The world news has been dominated in recent weeks with stories about the horrific gang rapes that have happened in India and the fallout from those incidents on victims, the assailants, and on Indian Society as well. Many of the recent stories that I have watched and read have sought to examine the depiction of women in Indian popular culture as a means of attempting to answer some of the questions about how and why something like this could happen, One report in particular focused on the depiction of women in popular Bollywood movies and how these depictions reduce them to superfluous fodder for the male protagonist’s conquest and subjugation. As I watched the report, I couldn’t help but think about how this is the same argument that I have heard in the United States for pretty much my whole life. Thinking of this and the media confluences of my entire life as they intersect with media as it is today, I wonder how have these depictions of women shaped not only my perception of women, but our collective consciousness of femininity and how they are in stark contrast to reality.
For whatever reason the topic of women’s depiction in the media is a conversation that I have been drawn into quite often over the course of my adult life. This conversation often leads to thanking the higher powers that I wasn’t born a female as I don’t know if I could deal with the constant bombardment of sexual images in all aspects of media that could possibly warp my own self perception of what beauty is, about what a woman is, and ultimately lead to life long issues with my body image. What I almost never really examine or question in that discussion is how those very representations distort and influence our (and my) perception of women as a whole.
This is not a psychological study on the impacts of sex and the media, yet this is about how your own perception has been influenced by the images that we have seen all of our lives. As a man who spent his preadolescent years growing up in the mid 80’s, sex was everywhere. Yet there was still a subtle nature to its presentation (that may just be my perception based on today). As I grew through the 90’s and came of age entering the new millennium, hyper sexualized images of women just seemed to explode around me at every turn. Maybe it was the internet that allowed porn to easily be at our finger tips or maybe it was the shattering a of sexual taboos that our society continues to breakdown. Maybe it was just the fact that every where I turned I was told that as a man bedding down as many women that I could was the highest measure of manhood.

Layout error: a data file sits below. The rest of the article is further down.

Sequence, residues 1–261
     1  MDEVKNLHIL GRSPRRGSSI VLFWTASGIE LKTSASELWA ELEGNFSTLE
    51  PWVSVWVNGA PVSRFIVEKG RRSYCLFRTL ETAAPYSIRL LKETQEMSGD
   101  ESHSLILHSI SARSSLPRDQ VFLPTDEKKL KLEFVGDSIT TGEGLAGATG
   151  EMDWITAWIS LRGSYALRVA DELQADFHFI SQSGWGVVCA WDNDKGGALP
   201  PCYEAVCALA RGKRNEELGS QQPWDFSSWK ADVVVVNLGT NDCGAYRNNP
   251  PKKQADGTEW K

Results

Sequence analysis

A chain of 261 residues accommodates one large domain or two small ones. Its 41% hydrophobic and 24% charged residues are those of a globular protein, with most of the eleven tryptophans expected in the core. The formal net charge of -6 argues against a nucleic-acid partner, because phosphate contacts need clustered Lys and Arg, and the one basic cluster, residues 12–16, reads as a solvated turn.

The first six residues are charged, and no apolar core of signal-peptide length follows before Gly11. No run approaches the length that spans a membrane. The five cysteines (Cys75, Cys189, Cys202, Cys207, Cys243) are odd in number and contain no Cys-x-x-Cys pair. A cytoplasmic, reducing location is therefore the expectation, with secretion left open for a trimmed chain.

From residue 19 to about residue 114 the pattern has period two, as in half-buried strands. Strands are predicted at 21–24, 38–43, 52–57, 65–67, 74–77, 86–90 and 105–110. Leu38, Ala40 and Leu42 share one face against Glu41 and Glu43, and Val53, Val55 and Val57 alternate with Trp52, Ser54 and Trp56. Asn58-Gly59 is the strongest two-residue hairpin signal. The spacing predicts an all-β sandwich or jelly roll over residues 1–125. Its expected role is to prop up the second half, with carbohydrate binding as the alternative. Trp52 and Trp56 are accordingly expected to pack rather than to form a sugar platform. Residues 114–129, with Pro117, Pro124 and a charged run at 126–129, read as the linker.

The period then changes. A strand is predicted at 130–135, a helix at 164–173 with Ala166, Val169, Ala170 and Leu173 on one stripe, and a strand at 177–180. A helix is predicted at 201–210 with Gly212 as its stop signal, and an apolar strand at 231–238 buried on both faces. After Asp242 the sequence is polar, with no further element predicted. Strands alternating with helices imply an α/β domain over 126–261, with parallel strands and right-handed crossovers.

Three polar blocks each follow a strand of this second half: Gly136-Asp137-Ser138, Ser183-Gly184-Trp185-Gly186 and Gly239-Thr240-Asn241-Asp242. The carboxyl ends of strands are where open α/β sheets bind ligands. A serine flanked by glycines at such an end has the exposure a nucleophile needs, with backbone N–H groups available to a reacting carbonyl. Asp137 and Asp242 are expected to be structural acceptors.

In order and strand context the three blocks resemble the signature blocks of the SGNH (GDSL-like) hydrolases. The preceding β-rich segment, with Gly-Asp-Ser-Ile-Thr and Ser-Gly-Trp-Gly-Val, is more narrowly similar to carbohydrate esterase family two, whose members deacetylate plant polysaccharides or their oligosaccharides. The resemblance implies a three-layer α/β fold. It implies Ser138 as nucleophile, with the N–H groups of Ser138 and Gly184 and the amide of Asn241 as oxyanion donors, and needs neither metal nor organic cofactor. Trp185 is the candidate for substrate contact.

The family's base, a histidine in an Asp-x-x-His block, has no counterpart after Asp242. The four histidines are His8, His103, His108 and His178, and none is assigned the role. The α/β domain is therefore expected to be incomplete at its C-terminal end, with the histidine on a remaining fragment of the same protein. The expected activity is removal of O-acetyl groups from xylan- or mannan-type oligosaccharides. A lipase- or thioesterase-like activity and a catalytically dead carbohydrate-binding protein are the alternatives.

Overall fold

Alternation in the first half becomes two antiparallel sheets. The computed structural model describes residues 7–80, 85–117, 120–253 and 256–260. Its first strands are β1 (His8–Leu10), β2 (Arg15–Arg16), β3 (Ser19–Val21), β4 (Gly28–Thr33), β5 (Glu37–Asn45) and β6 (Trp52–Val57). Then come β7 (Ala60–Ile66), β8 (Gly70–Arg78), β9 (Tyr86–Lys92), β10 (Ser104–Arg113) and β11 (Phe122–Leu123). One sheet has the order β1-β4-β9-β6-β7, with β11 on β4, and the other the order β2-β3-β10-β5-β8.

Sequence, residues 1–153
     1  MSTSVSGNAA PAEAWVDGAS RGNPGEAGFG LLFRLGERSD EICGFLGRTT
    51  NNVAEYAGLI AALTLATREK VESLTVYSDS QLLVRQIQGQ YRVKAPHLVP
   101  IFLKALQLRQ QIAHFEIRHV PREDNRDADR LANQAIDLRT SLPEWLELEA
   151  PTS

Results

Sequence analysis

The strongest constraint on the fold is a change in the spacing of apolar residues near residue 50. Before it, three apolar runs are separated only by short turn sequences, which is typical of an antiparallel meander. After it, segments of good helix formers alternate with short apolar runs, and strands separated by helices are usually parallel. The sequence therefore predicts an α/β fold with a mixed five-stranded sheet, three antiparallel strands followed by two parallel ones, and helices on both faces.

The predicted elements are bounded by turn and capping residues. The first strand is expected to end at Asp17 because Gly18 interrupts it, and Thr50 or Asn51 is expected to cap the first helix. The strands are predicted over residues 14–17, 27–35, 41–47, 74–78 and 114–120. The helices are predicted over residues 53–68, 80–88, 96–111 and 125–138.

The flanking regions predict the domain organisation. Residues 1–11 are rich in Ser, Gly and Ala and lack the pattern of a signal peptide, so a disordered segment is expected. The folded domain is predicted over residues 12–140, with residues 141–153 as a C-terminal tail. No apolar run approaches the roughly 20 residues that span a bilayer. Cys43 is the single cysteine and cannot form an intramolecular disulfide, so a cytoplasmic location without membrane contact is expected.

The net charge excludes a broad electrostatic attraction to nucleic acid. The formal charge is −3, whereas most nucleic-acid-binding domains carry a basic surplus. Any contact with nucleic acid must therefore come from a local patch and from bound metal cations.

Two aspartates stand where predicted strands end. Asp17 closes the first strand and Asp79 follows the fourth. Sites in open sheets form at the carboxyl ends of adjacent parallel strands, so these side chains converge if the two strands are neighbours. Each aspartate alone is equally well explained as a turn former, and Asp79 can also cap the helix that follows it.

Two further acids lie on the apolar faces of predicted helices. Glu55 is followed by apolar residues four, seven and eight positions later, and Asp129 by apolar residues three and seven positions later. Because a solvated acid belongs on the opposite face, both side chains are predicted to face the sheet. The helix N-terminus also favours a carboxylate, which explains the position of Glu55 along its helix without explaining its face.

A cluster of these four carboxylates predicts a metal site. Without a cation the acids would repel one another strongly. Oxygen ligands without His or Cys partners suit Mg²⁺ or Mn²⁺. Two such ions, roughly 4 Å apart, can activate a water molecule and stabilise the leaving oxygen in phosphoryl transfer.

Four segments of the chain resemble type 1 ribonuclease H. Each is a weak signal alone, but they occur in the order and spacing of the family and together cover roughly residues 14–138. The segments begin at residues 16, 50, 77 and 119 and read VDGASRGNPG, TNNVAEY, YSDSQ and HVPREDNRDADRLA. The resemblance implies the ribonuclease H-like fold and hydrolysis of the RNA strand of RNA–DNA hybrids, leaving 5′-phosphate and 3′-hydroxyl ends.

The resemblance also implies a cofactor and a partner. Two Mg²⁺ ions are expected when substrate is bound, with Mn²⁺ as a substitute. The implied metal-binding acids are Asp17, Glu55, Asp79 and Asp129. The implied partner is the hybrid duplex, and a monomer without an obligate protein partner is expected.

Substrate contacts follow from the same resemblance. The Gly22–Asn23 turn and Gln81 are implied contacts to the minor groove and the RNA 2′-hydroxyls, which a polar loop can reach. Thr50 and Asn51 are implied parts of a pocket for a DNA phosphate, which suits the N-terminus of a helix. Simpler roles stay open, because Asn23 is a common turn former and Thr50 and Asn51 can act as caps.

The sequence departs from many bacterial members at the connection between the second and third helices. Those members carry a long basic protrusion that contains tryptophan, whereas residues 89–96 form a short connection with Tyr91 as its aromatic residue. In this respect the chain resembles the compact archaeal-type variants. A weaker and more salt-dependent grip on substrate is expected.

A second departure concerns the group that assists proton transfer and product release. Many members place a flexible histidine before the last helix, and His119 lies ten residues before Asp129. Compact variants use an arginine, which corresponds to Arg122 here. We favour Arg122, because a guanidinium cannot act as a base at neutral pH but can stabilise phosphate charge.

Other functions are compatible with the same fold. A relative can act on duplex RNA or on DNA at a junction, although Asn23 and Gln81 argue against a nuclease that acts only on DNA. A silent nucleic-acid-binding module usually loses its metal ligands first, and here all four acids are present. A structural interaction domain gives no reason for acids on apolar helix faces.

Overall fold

I don’t know what the answer is, but I know that every beer commercial taught us that a large breasted blue eyed blond woman was the highest epitome of beauty. I know that the adult industry and other sexual depictions of women have taught us she is supposed to worship us sexually as a god and that all women should want to do the same. Music has taught us that women are to be used as one night stands for our own sexual pleasure, disposable like a paper towel. We have been taught to covet a women because she has a big behind or huge breasts. We have been taught that a stripper is the most desirable sexual partner that there is on the planet.
We have not been taught to respect her for her heart, her mind, her soul, or her dreams. Yet we understand that these are what we care about most in a woman and in a mate. Yet our teaching has and continues to teach us something different than what our minds tell us. I am not saying any of this to blame the media for all of the misconceptions, but ask that we examine what we see. We must ask ourselves, how does our perception influence and conflict with our interpersonal relationships with opposite sex? At the end of the day, we must look inside ourselves to discover if our reality is shaped by your perception or is our perception in constant conflict with our reality?